I mean, we are writers after all. Why should we listen to some other writer we just met online? Why should they listen to us? Why does their opinion matter? And why does our opinion matter to them? Can we allow ourselves to be open to their suggestions and help? Should we waste our time giving advice they don’t listen to anyway?

It takes a good deal of courage to press the send key on our creative endeavors. It takes even more to allow ourselves to be open and honest with someone else who can ultimately help us in those endeavors.

But all relationships have a path they follow. Being a foster parent taught me that. The first six weeks is all about the honeymoon. Everything is happy and upbeat. Jokes are told and laughed at. Interests are shared and discussed. Everyone is smile-ly and enjoying life.

Then reality sets in. Someone says something or does something that the other person can’t deal with. Someone has a bad day and starts being grumpy.  Someone pushes a button. The button.

War ensues whether it’s one with explosions or just a long dead silence, it’s war all the same.

The problem is in any relationship there is no winner in a war. Ever. For the relationship to continue, the war must end, a new peace treaty brokered, a new state of being declared.

For a writer, that’s not an easy thing. We like to hang on to our “notions” about how the world is, what our “ideals” are, how we want the story to unfold … instead of just facing life like it really is. That’s hard, really really really really … really hard. We plot, we map, we outline, we scribble, we draft, we revise, we write and write and write until our world is how we want it to be and anything that doesn’t fit gets dumped in the file called “deleted scenes”. Is it any wonder why two writers struggle to form that one relationship of mutual accord?

Being a critique partner is hard work and not like any other relationship a writer will ever form in their life. It’s not just about the critique or promotion or support or reliability. And it’s more than friendship and sharing common interests. It’s finding that someone other that

-will be annoyed at your whining and yet still push you to put words on the page,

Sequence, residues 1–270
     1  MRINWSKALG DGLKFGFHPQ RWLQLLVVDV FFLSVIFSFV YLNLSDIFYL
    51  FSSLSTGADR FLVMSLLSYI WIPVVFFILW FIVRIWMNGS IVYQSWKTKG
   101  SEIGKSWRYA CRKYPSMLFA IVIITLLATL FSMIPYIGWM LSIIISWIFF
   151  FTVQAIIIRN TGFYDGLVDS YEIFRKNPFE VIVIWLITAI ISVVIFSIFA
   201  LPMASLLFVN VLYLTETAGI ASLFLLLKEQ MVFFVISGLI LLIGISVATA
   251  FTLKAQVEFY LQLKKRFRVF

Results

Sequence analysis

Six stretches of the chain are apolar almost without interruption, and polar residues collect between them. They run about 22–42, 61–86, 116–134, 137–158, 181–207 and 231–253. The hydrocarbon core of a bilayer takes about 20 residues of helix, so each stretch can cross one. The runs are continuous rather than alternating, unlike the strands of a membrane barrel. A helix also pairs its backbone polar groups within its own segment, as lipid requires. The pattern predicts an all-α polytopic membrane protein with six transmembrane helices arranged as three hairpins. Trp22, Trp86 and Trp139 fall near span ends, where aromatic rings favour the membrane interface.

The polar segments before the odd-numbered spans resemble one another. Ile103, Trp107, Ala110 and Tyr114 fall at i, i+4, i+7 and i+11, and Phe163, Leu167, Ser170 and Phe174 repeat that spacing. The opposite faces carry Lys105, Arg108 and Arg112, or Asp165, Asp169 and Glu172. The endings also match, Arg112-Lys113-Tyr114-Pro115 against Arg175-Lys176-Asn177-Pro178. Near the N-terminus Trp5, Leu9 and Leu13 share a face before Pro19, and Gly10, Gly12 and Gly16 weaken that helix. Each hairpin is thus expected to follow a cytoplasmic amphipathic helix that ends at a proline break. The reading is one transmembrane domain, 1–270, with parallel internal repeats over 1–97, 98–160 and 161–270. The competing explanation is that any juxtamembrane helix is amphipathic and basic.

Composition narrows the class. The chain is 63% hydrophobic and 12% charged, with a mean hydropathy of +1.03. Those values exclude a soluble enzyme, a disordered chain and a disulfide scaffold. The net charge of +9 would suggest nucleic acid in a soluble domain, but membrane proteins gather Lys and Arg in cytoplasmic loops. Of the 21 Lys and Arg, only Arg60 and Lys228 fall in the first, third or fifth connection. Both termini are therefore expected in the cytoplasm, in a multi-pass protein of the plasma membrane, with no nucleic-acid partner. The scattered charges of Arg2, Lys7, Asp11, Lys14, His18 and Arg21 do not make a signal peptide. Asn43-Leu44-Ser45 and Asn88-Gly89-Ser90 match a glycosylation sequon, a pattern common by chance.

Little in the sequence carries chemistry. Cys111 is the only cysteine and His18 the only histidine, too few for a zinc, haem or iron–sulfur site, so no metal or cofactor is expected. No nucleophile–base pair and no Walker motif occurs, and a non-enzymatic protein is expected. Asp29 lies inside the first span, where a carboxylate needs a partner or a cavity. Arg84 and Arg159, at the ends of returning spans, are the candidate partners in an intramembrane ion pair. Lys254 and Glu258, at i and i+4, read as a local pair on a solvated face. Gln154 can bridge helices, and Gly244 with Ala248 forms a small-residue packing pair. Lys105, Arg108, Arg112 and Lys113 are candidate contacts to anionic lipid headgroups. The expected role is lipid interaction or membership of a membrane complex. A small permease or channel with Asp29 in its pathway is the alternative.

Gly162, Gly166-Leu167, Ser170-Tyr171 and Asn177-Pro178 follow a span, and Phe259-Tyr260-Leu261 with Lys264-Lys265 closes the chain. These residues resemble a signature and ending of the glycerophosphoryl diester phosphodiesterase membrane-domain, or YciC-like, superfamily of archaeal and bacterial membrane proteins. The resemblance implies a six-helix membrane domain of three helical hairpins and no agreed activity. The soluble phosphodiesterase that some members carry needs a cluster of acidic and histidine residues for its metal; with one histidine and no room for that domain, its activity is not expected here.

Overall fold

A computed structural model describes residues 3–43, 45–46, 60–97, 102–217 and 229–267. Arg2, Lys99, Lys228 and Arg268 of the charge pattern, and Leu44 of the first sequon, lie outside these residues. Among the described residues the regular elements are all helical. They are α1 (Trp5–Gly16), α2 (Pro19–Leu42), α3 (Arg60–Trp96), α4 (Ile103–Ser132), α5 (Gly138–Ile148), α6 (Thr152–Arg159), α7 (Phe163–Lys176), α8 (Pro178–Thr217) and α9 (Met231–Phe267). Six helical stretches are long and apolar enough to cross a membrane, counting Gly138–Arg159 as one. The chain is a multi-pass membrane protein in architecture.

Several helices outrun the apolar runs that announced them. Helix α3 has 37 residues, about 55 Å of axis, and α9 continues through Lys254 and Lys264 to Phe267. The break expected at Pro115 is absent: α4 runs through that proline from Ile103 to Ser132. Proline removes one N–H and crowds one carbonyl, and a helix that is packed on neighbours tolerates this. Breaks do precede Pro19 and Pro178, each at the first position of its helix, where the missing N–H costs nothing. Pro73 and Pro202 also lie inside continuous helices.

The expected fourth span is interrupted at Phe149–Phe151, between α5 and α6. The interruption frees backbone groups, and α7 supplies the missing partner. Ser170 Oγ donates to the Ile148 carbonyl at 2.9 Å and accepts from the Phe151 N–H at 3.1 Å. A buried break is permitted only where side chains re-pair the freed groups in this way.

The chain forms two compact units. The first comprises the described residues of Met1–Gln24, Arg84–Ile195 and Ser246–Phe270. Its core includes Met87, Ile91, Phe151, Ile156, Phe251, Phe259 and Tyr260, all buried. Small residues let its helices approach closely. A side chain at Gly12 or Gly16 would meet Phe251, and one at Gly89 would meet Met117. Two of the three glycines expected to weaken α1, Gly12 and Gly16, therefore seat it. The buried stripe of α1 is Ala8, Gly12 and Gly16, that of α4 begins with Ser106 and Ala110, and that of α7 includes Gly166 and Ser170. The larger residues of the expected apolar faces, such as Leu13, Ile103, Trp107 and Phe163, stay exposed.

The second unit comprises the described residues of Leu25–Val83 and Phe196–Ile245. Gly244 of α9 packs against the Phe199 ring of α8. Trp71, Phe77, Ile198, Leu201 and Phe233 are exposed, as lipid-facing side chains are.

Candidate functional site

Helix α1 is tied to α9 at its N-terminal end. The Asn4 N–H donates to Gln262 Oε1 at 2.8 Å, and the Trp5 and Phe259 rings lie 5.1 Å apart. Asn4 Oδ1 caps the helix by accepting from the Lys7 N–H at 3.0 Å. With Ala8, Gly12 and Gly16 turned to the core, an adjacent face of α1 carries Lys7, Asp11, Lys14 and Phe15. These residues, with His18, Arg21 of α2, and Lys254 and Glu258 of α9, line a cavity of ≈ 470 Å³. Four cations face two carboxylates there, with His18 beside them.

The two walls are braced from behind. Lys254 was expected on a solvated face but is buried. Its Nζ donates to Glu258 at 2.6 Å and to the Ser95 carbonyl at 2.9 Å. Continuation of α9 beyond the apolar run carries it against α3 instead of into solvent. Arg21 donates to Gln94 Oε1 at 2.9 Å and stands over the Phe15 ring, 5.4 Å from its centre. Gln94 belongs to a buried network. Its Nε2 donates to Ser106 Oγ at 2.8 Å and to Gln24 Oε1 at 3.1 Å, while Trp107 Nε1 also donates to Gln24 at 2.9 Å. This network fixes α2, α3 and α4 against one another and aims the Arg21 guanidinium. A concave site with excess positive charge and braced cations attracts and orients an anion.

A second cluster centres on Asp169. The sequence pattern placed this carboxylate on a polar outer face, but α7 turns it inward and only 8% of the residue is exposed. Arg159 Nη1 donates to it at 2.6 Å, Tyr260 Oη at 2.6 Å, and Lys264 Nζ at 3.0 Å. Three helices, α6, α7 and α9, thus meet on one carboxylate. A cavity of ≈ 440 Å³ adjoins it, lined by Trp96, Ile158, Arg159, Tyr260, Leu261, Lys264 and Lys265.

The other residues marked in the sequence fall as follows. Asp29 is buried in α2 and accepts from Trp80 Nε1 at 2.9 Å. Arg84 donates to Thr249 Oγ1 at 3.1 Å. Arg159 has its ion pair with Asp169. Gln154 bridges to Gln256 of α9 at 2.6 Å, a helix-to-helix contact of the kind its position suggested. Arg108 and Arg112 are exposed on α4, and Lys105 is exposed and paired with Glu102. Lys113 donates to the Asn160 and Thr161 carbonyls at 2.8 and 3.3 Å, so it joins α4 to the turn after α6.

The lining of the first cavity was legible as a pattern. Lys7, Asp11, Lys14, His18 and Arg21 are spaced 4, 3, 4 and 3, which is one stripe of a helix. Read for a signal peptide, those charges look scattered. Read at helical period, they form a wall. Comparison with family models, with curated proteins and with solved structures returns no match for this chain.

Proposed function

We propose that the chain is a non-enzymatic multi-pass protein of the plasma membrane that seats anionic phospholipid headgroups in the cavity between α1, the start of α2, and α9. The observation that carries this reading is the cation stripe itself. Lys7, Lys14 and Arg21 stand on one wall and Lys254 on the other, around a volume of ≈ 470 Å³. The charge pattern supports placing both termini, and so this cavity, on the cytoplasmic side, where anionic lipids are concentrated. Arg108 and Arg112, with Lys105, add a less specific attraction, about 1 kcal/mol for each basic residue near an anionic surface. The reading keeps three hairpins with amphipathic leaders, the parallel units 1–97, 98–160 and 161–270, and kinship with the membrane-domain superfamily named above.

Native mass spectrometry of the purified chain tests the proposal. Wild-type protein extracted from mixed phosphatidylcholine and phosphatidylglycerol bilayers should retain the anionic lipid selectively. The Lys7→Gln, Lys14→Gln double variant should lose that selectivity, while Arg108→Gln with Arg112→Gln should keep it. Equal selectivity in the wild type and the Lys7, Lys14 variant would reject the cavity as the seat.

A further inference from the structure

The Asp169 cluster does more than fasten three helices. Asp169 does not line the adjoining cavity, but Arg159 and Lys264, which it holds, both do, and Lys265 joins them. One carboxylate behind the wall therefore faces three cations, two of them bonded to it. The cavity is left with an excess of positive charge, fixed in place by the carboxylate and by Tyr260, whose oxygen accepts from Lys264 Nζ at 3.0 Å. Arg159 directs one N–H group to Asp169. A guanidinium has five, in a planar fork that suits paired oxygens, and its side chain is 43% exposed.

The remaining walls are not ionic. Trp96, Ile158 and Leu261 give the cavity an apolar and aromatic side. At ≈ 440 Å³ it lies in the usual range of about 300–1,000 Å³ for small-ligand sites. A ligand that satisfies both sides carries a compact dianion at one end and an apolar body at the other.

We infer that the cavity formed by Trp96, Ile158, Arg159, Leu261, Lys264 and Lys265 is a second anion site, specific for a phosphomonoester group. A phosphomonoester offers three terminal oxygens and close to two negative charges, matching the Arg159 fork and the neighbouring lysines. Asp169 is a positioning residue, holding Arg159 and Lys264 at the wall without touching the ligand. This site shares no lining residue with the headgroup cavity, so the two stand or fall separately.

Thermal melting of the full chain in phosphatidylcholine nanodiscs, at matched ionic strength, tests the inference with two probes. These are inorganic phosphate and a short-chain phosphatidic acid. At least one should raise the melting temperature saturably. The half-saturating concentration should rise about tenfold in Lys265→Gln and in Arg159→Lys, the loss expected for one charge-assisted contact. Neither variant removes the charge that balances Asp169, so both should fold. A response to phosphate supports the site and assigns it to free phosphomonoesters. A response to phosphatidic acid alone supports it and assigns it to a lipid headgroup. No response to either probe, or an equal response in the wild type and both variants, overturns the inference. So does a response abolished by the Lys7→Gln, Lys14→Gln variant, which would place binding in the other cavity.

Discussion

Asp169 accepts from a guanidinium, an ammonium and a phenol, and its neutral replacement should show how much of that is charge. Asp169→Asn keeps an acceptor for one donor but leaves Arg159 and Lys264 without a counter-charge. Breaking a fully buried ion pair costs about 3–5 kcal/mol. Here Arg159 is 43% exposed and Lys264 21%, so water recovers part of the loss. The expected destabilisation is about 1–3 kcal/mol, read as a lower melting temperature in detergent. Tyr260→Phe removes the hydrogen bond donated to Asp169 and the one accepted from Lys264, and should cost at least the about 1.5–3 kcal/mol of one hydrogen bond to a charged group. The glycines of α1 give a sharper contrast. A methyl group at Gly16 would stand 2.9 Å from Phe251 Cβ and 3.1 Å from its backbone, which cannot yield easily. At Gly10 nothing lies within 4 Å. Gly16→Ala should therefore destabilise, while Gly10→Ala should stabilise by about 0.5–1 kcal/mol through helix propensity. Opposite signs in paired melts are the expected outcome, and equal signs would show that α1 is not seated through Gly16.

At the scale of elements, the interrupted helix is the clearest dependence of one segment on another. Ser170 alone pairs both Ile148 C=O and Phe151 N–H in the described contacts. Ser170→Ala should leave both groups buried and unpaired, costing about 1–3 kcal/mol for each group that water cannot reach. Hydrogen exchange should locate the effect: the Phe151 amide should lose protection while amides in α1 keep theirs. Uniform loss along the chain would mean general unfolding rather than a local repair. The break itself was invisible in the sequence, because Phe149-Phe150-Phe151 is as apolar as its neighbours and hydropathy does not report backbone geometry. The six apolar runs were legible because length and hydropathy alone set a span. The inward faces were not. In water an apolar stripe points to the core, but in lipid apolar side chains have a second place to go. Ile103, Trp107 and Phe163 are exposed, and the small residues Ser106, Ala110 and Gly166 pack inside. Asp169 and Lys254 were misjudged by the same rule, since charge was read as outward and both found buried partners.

-isn’t embarrassed to cry on your shoulder,

– sits up laughing at your stupid jokes on twitter or Facebook at 3 in the morning and then slams you because you didn’t make your word count,

– tells you “You’re the best writer ever” and means it while sending you your manuscript with so much red ink it looks like someone was murdered on it,

– keeps you from slipping over the edge into that world of your own making,

– inspires you to do more than you ever dreamed you could do on your own.

Distractions and Writing

Writing caves, offices, rooms, cabins, cottages, etc might sound like a romantic fantasy made up by a writer’s collective, but they serve a purpose. They limit distractions from outside sources.

I dearly wish and dream for the day when I will have such a place. Now I’m perched in my bedroom, sometimes on the bed, sometimes at a desk while I write away. Did I mention I have two doors to my room, one which must be locked to stay closed and the other inches from the living sofa?

Oh, you think, I could just lock the door. Sigh. Sure that would work if three minutes later someone wasn’t knocking on it. And if I don’t answer the knock, they just go to the other door.

The point is writing is an all absorbing exercise. To lose oneself in a fantasy world and stagger through the labor of dedicating the words to the page in a coherent manner that tells the tale, demands solitary confinement. The writer is not just one of his characters, he is all of them, all at the same time. The writer feels them, molds them, plays out the relationship between them over and over and over until it becomes real. And then plops them into a made-up world.

It takes time and concentration to keep everything straight. That one knock on the door can take several minutes to hours to recover.

Of course life carries on. In my world I can’t lock it out. I have an autistic son and a teenage daughter. Mom is my #1 job still. And my parents are aging and have health issues that demand my time. They raised me, after all. Family comes first. And then there’s the farm … animals don’t know that I’m writing. They can’t reason to  wait for food or water or attention. The garden can’t cover itself when a storm rolls in. Beans don’t jump in the fridge, carrots don’t wash themselves.

But it’s all a cycle.

Some days I get up at 4 am and sit in the quiet of the house. I write pages after page until my computer battery dies or the growling in my stomach demands to be fed or I have to go to work. I love those days.

I can hardly speak of distractions though without nodding at the blessed invention called the internet. How many times a day do we check Facebook, twitter, and email (among other sites) just to see what someone else is doing or who has commented on something we posted? It’s habitual. I turn off my ringer when I’m writing and let my phone vibrate away. I can still check it to see if I need to respond to anything or answer a call from my mom but usually it lays on the bed next to me and purrs away. I check it when I take a break.

Some day, maybe I’ll have that shack or office or den to spread out in and isolate myself while I commit words to the page, but for now, I make do with what I have.



Conflict and Fiction

In real life most people I know avoid conflict in whatever form it appears. Some people even go to great lengths to hide from it, and pretend it doesn’t exist. While other people I know seem to thrive on it and seek out excuses to create conflict everywhere they go. And others walk that thin line in between seeking to make both sides happy.